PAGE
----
Taking teleremote to a new level
Musselwhite grows Ops Centre in Thunder Bay
Goldcorp Inc.’s Musselwhite Mine is working toward becoming a full-fledged smart mine with all the safety, cost-savings, and other benefits that come along with it. Its new Integrated Remote Operations Centre (IROC), which opened in Thunder Bay in June, allows operators, communications/dispatch personnel and supervisors to work at the mine virtually.
Peter Gula, Musselwhite’s mine general manager, said that the most dangerous work such as loading and rock breaker operations are performed teleremotely. New technology including fibre-based networking has allowed the company to physically move operators out of the mine and into an office building in Thunder Bay, 500 kilometres to the south.
“I’ve had this vision of trying to get as many people offsite as possible,” said Gula, who transferred to Musselwhite in 2015 from Red Lake where he worked for 27 years. “Every person that we have up at site has about a $40,000 a year cost associated with it. That includes travel, housing, and all the staff and services that go to support the people working at Musselwhite.”
The company started moving non-producing positions such as payroll, administration, and some HR to Thunder Bay in April 2017. In June 2018, dispatch personnel and some machine operators moved to the new control centre. The near-term goal is to move about 60 people to Thunder Bay, which would reduce operational expenses at Musselwhite Mine by $2.4 million per year.
There are other considerations besides cost savings, Gula said. Safety is an important one. “First and foremost, we’re removing people from those hazardous conditions.” A system that allows operators to control the machine from an office 500 kilometres away would completely eliminate risks inherent to mining underground. “That’s the best way to control it.
You engineer out the problem – you don’t even put them in that environment.”
It also eliminates travel time, which currently is about an hour and a half each way from the top of the portal to the bottom of the mine. Gula said that Goldcorp has used teleremote operating stations at Musselwhite for about a year on surface at the mine. Bringing that chair to Thunder Bay takes teleremote to a new level.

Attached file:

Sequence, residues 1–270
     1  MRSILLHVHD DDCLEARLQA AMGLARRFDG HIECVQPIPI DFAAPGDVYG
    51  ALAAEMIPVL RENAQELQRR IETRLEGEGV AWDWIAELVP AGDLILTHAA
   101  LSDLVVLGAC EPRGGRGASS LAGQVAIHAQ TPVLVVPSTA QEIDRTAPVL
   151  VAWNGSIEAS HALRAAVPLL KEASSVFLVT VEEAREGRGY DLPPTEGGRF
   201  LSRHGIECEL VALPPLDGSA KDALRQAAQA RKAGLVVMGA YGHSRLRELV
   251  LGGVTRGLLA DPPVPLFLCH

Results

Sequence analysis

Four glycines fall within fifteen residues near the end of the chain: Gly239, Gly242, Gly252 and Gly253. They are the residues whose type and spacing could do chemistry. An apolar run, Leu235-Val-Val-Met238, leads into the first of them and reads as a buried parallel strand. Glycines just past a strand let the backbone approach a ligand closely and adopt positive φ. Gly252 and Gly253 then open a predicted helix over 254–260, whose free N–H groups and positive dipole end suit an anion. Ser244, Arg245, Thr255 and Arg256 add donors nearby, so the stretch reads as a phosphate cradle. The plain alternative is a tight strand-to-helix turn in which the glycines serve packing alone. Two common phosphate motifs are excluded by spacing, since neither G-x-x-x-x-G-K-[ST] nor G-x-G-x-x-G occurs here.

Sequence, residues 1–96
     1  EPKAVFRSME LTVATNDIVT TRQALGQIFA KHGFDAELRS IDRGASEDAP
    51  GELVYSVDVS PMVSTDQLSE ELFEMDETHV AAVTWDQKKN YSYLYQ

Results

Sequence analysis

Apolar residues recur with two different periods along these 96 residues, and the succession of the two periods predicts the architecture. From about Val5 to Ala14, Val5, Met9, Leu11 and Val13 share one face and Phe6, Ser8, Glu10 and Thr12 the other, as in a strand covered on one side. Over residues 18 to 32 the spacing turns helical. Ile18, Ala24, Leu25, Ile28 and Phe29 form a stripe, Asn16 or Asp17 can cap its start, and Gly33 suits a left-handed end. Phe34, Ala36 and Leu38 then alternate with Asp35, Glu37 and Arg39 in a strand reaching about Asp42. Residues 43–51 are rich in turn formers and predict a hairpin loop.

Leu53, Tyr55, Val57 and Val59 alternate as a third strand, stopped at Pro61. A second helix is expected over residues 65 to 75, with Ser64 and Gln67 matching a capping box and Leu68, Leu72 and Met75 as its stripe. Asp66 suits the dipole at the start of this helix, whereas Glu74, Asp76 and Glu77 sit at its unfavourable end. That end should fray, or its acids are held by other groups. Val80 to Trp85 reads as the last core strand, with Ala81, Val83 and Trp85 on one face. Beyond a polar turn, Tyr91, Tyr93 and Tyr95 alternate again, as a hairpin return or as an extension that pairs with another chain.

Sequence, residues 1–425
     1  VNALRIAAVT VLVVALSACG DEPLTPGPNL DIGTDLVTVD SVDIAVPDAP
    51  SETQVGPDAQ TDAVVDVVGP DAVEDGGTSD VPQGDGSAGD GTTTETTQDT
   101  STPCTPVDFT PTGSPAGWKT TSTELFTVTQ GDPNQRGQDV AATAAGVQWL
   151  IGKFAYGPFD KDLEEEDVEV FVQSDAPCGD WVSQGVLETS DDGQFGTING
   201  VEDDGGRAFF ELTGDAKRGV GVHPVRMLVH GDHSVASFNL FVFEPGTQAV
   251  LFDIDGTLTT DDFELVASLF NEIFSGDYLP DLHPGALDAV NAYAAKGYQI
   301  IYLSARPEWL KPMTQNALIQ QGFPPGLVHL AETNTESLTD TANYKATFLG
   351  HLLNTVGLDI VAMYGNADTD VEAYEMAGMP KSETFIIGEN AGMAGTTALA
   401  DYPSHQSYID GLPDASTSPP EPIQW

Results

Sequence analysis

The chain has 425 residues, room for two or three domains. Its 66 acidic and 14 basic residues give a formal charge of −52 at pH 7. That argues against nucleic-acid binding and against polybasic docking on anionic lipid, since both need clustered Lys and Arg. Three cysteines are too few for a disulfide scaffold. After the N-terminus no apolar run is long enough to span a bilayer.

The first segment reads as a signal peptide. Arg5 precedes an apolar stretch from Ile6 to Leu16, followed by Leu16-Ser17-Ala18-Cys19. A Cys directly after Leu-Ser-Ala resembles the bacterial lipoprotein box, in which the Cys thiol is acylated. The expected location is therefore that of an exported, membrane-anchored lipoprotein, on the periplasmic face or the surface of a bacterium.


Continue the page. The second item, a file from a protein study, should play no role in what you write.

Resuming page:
The system takes advantage of fibre connectivity. Lag time is low, with a reported maximum lag of 20 milliseconds or 0.02 seconds, which operators can easily compensate for. A live demonstration in the IROC showed no obvious lag time while an operator worked a rock breaker.
The plan over the next six to 12 months is to connect more machines to the teleremote system. Horizontal and vertical drills will be connected along with some of the trucks. “There will be dedicated routes that will be completely (navigated) teleremotely so that you can haul when there is nobody underground,” Gula said. In the near future, some trucks will be semi-autonomous, self-driving predetermined routes with the operator only needed for loading and unloading.
The teleremote equipment is provided by Hard-Line Solutions, a heavy equipment remote control supplier based in Sudbury.
The main limiter to implementing technology is the human interaction with it, not the technology itself, noted Gula.
“We’ve had some really good people come in and address change management and get our employees engaged so that they are part of the process of going to this next level. We’re lucky – we have a great culture that embraces technology.”
Dispatch is another area greatly improved by new technology. Musselwhite recently installed some modules from OptiMine software that allows the communications supervisor to track employees and equipment on a digital map and talk directly with everyone as needed. Another important advantage of the system is that the supervisor can talk over all channels at the same time – something the previous system could not accommodate. This would be especially useful in emergency situations.
Improved work/life balance is another advantage of a teleremote system. “What a great motivator for a gold miner to be at home every night,” Gula said. It’s something he hopes will change gold mining culture and bring more workers and their families to Thunder Bay. Many of the 550 full-time employees and 300 contractors come in from out of town.
Gula said that the move toward autonomous systems and increased efficiencies will not eliminate positions, but allow the mine to do more with the people they have – and keep them safer. Some roles such as maintenance would necessarily remain onsite.